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This Woman's Heart Actually 'Broke' After Her Dog Died. Here's How It Happened

This Woman's Heart Actually 'Broke' After Her Dog Died. Here's How It Happened
From TIME - October 20, 2017

If you have ever lost a beloved pet, you know how much it can hurt. In fact, the pain could be enough to break your heart, suggests a new report published in the New England Journal of Medicine.

Last year, shortly after the death of her treasured Yorkshire terrier Meha, then 61-year-old Joanie Simpson woke up with symptoms consistent with a heart attack, reports the Washington Post. She was airlifted from her local emergency room to Houston's Memorial Hermann Heart & Vascular Institute, where doctors diagnosed her with something a bit more unusual: takotsubo cardiomyopathy, otherwise known as broken-heart syndrome.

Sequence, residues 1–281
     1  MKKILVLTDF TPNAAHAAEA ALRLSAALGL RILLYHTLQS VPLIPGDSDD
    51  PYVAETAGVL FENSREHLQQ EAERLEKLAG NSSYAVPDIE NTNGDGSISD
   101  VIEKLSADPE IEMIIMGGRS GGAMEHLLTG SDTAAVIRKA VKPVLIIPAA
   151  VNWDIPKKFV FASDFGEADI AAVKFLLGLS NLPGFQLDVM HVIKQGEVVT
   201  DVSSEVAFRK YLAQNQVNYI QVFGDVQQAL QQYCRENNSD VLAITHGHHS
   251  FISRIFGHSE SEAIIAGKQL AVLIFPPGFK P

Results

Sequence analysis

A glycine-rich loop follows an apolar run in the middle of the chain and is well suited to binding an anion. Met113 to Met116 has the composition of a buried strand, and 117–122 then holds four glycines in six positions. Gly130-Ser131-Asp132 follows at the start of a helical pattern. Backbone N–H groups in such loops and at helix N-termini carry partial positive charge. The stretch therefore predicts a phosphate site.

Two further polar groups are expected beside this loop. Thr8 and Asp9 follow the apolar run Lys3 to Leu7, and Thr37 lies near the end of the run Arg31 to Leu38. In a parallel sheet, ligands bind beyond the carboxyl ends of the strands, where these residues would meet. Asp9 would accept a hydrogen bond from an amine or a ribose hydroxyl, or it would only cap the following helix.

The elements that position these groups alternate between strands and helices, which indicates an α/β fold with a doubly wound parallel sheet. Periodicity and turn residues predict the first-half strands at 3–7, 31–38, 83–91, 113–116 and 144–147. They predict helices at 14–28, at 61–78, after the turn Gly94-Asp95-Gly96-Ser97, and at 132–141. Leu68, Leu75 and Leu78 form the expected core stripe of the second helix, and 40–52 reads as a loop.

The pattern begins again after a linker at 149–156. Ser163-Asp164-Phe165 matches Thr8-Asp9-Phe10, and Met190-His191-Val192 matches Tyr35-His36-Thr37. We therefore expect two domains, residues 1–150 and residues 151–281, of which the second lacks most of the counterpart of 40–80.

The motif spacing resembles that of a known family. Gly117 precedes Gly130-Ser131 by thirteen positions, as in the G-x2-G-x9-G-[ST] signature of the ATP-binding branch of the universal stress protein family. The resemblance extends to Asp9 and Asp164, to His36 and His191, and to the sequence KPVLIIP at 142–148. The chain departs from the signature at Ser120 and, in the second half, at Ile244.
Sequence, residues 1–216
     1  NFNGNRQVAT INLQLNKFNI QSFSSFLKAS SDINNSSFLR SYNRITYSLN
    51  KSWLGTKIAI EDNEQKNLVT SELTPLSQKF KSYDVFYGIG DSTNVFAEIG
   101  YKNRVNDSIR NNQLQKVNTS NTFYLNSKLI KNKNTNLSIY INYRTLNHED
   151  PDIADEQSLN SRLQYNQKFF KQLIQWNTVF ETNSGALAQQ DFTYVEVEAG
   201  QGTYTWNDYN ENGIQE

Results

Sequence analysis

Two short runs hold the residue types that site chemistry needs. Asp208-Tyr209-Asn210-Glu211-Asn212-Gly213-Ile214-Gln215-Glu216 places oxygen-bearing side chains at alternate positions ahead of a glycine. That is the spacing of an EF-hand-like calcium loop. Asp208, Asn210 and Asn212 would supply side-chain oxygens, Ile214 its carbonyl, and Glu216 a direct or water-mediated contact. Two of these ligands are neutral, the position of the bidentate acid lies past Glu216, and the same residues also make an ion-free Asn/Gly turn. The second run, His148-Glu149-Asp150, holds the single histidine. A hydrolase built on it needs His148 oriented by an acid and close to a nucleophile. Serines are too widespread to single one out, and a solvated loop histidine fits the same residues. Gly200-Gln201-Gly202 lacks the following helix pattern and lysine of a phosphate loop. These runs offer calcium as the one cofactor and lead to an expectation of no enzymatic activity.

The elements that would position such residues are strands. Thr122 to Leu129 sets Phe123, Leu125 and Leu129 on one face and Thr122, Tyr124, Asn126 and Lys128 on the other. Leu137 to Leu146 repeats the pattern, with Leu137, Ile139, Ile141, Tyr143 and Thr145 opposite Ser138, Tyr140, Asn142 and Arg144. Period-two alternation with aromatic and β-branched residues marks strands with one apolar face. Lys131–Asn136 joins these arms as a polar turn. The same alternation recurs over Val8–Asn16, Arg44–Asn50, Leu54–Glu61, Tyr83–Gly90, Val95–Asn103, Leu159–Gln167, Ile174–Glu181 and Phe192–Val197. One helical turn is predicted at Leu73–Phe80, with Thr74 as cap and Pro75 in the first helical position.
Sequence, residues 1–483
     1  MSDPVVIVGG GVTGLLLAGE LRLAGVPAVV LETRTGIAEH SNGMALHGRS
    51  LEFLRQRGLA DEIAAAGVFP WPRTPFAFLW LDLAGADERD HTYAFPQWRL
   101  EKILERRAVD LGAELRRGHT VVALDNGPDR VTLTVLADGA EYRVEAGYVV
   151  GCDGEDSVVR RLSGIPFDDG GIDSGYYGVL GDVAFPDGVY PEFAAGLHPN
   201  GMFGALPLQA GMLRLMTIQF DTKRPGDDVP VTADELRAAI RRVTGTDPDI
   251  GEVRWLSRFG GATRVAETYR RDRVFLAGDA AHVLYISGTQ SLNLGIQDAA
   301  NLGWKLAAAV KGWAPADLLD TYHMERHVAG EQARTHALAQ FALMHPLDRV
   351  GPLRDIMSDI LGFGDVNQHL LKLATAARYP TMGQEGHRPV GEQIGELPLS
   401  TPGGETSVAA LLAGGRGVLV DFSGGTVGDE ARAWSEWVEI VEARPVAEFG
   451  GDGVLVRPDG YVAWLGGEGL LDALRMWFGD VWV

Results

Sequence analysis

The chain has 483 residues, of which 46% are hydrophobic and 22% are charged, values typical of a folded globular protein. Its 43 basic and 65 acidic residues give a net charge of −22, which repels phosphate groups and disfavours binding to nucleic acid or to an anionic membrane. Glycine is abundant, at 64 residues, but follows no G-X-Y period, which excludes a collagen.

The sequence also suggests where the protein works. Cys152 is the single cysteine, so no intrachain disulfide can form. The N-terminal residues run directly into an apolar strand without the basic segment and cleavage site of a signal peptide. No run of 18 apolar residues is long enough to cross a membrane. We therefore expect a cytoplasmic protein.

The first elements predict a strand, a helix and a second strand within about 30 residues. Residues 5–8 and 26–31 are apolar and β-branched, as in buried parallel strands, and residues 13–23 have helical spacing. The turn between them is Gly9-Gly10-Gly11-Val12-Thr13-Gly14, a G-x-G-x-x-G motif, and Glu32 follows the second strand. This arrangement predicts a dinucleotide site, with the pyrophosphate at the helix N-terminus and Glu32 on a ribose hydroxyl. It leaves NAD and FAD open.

The condition can occur after a physical or emotional stress, like the death of a loved one, says Dr. Ilan Wittstein, a cardiologist at Johns Hopkins and a broken-heart syndrome researcher (who was not involved with Simpson's case or the new report). "The heart muscle suddenly weakens and does not squeeze the way it should," he says. The heart temporarily stops pumping effectively, which can result in low blood pressure and even congestive heart failure. "A whole variety of emotional triggers can cause it," and it can occur in people who are otherwise healthy.

While broken-heart syndrome looks a lot like a heart attack initially, Wittstein says there are some key physiological differences. In the average heart attack, a clot in a major coronary artery blocks blood flow to the heart, permanently killing some of the muscle. With broken-heart syndrome, however, the major arteries remain clear, but the tiny vessels surrounding the heart are damaged, he says. It's rarely fatal, and the problem can usually be fixed quickly if properly treated.

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